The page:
This post is sponsored by The Council for Economic Education.
The latest PISA results painted a bleak picture about what young people know about money. Financial literacy expert Annamaria Lusardi talks about what these findings mean for our young people and society at large, and what we need to do now to change.
America’s youth face a number of challenging financial decisions as they head into adulthood — from opening their first checking account to buying a car to financing their college education. The choices they make will have a profound impact on their long-term future.
But do these millennials have the financial skills needed to make these types of complex decisions? According to data from the 2012 PISA financial literacy assessment, the answer is no.
“Many young Americans lack the basic skills to manage money,” said Annamaria Lusardi, academic director of the Global Financial Literacy Excellence Center at George Washington University. The GFLEC designed the financial literacy section of the PISA. 2012 marked the first year financial literacy was measured in the triennial survey.
According to Lusardi, who also serves as a board member for the Council on Economic Education, about one in six young Americans scored below the basic competency level on the PISA. At best, these students have a rudimentary understanding of money principles. They can distinguish between needs and wants, make simple spending choices, understand common financial documents such as invoices and bank statements, and perform basic numerical operations, such as addition, subtraction and multiplication.
But the experts say that’s not enough. “We live in a world of increased individual responsibility,” Lusardi said. “They face much more complex financial markets than in the past and opportunities to borrow and take up debt have increased a lot.” For example, people now have to decide themselves how much to save for retirement and how to invest this money, while previously, the majority of people received company pensions.
This presents a problem for those who lack financial literacy. According to research from the GFLEC, these individuals are less likely to save for retirement, invest in stocks or take advantage of the opportunities offered by financial markets.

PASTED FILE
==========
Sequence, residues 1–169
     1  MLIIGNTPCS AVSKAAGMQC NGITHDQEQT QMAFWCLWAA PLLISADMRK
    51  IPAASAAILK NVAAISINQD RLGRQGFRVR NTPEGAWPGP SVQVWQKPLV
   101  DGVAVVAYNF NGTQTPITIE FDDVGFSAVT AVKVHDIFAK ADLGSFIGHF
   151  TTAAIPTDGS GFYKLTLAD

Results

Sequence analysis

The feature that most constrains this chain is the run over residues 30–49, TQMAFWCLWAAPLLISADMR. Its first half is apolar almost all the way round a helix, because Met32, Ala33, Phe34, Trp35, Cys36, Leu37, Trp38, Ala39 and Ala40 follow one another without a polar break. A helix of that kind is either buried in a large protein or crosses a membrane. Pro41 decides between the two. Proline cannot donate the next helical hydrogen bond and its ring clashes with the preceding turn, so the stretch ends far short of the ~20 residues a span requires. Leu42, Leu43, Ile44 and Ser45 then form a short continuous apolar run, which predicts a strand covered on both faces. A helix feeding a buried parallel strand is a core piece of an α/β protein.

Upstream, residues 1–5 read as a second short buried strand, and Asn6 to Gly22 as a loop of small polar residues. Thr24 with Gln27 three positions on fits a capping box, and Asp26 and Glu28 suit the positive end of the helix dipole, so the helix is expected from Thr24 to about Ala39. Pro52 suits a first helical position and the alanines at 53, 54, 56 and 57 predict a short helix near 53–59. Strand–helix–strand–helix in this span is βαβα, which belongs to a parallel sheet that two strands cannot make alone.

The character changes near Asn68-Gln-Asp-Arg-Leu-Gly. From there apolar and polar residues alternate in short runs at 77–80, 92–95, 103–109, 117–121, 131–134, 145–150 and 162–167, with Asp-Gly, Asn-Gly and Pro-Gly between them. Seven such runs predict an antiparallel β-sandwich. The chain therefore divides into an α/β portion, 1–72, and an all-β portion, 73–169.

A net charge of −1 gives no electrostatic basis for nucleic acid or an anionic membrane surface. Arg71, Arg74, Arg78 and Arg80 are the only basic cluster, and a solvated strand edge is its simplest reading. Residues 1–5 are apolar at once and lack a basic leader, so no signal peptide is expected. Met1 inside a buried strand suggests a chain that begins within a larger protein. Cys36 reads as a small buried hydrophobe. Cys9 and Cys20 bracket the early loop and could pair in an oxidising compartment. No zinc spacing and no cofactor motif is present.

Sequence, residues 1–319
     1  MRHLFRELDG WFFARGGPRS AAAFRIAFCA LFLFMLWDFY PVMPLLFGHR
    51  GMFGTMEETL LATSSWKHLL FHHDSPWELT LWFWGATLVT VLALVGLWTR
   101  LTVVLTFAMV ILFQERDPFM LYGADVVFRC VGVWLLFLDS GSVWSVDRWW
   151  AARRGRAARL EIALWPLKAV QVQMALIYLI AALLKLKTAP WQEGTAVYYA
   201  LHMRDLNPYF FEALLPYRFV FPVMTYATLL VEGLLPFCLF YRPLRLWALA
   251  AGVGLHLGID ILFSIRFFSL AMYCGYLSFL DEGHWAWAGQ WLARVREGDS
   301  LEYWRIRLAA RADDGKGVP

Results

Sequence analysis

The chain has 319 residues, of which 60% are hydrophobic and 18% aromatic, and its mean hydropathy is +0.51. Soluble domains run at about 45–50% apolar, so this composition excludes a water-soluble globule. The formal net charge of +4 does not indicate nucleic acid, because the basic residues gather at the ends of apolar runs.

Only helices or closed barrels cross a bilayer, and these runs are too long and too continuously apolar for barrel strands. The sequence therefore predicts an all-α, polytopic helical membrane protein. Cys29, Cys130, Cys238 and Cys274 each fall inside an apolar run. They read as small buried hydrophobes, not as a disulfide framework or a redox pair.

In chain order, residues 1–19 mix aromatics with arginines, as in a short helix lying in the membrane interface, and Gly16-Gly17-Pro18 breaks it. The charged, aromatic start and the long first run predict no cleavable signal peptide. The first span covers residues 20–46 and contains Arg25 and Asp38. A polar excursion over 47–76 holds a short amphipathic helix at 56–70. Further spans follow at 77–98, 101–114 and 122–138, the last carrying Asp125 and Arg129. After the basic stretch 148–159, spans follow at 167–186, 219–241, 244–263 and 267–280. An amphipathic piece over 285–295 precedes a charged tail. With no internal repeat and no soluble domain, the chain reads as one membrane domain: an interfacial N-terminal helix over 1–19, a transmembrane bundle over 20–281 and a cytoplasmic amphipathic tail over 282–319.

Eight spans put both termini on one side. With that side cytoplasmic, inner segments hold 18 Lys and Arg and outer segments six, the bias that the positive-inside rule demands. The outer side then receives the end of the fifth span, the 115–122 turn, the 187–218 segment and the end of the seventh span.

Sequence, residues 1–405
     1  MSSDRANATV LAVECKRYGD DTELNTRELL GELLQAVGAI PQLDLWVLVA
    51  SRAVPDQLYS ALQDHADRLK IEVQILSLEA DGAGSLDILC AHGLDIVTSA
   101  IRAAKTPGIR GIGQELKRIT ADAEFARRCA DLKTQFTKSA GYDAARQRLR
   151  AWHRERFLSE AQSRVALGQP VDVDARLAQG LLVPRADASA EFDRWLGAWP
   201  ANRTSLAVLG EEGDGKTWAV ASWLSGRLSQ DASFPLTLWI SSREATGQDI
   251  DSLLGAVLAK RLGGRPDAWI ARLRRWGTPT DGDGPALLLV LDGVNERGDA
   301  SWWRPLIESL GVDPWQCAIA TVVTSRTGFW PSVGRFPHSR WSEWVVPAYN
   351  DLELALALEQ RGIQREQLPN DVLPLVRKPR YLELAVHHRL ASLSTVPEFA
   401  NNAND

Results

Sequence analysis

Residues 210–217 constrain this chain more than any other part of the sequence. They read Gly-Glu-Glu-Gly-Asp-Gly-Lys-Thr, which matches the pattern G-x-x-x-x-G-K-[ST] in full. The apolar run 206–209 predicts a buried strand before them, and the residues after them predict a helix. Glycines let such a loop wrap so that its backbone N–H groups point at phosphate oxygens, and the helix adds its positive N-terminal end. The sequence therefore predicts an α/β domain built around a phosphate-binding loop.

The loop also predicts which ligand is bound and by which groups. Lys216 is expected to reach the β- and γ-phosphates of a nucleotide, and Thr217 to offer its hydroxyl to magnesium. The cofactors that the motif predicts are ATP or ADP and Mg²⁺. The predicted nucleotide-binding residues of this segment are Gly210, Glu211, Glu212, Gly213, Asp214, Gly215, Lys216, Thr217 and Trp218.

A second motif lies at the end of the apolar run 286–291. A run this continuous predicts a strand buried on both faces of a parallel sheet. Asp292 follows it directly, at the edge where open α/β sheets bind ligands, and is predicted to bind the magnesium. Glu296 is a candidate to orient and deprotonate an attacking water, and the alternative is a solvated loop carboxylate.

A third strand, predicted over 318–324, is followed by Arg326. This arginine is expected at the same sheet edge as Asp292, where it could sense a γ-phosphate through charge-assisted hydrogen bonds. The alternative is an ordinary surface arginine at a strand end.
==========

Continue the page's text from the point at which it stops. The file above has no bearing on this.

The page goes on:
They’re also more likely to have issues with debt, a problem that affects not just the individual but society at large as well, said Lusardi. “The consequences of taking up too much debt or the wrong mortgage on individuals and society have become painfully evident with the financial crisis,” she stated.
So how do we remedy the situation? According to Lusardi, education is the key to addressing these gaps.
“In my view, it is critically important to have financial literacy in school,” she said. “This is how we learn any other topic — history, math, science. We start early and as simple as possible and build upon it.”
Lusardi said that children can begin learning these lessons as early as kindergarten and first grade, when they begin receiving money from the Tooth Fairy. She illustrates this point in her blog, writing about her niece Giorgia’s reaction when Lusardi asked her if she’d like to learn about money. Giorgia ran to grab her piggy bank, sparking a conversation about saving and investing.
Including personal finance in K-12 curricula also ensures that all students have access to quality information. The PISA data found a link between financial literacy and students’ economic background. Kids whose parents are highly educated or high income earners tend to be financially literate. “This is another reason why we need financial literacy in high school,” said Lusardi. “So everyone can have access to it.”
But making that happen requires new advocacy efforts in our communities. As of this year, only 22 states make economics a required course for graduation; only 19 make personal finance a required course, according to the Council for Economic Education’s 2014 Survey of the States report. Lusardi urges parents and community leaders to become ambassadors for financial education in their schools.
“This data is a call for action,” she said. “We know now that most students are not financially literate; they lack this basic but fundamental skill to live in the 21st century. Ask for [financial education programs] in your school districts and encourage your business community to support the training of teachers. Everyone will benefit from higher financial literacy from the young.”